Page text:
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Brussels, 11 September 2013
Customs: Commissioner Šemeta welcomes EP vote to complete the modernization of Customs
Algirdas Šemeta, Commissioner responsible for Customs, has warmly welcomed the adoption of the Union Customs Code by the European Parliament today.
"The Customs Union is the quiet success story of the EU. For over 40 years, it has protected our citizens, safeguarded our businesses and facilitated the ever increasing trade flows in and out of the Union. The Union Customs Code, endorsed by the European Parliament today, will ensure that customs continues its vital work, but in an even more efficient, cost-effective way; one which best meets the challenges of our modern economy. Special thanks must be extended to the rapporteur MEP Constance Le Grip for the excellent work to allow the timely adoption of these new rules for customs throughout Europe."
Customs for the 21st century
The Union Customs Code will serve as the new framework Regulation on the rules and procedures for customs throughout the EU. It will enshrine in legislation a number of important practices which, up to now, have been implemented on a case by case basis, in order to address the challenges of the modern trade environment. As such, it will offer greater legal certainty to businesses, and increased clarity for customs officials throughout the EU. The new Code streamlines and simplifies customs rules and procedures, and facilitates more efficient customs transactions in line with modern-day needs.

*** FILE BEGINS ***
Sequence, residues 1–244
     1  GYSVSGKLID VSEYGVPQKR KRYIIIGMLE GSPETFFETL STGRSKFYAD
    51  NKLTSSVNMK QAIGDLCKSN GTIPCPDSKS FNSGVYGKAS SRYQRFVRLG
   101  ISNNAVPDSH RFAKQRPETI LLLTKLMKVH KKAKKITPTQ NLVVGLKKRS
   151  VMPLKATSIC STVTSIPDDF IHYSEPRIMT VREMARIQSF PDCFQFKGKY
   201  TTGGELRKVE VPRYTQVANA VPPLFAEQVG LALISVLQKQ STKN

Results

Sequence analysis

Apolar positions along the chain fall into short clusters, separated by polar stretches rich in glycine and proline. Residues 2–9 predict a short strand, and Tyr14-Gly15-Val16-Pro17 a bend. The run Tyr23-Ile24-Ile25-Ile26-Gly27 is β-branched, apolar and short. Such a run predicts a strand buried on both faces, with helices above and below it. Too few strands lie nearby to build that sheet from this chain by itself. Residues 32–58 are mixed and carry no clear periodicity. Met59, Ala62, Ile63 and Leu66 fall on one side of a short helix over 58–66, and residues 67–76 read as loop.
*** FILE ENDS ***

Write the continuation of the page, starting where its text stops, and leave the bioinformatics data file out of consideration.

Among the improvements that will be introduced with the new Code are measures to complete the shift by Customs to a paperless, fully electronic environment, and provisions to reinforce swifter Customs procedures for reliable traders (Authorised Economic Operators).
The Union Customs Code will also allow gaps which were already identified in the State of the Customs Union exercise to be bridged (see IP/12/1441). This includes the need for a harmonised approach to dealing with customs infringements, for which the Commission will make a separate proposal later this year.
The Council should now adopt the Regulation for the Union Customs Code within the coming weeks, so that it can enter into force by 1 November 2013.
The European Union is the largest trading space in the world, and the Customs Union is a founding stone of the EU. It is essential to Single Market, because without Customs at our external borders, the free movement of goods within the EU would not be possible.
In 2012 Customs treated 261 million declarations. This represents 15 articles each second. The value of the goods going through Customs last year came to €3.5 trillion.
The Member States' 28 individual customs administrations apply a community customs code. This ensures the common application of common rules at all of the EU's external borders.
These common rules extend to all aspects of trade policy, such as preferential trade, the implementation of safety and security measures, health and environmental controls, the common agricultural and fisheries policies, the protection of our economic interests by non-tariff instruments, and external relations policy measures.
On 20 February 2012, the Commission proposed to recast the Modernized Customs Code into the Union Customs Code.
Homepage of Commissioner Algirdas Šemeta, EU Taxation and Customs Union, Audit and Anti-fraud Commissioner:
Background on the EU's Customs Strategy can be found on: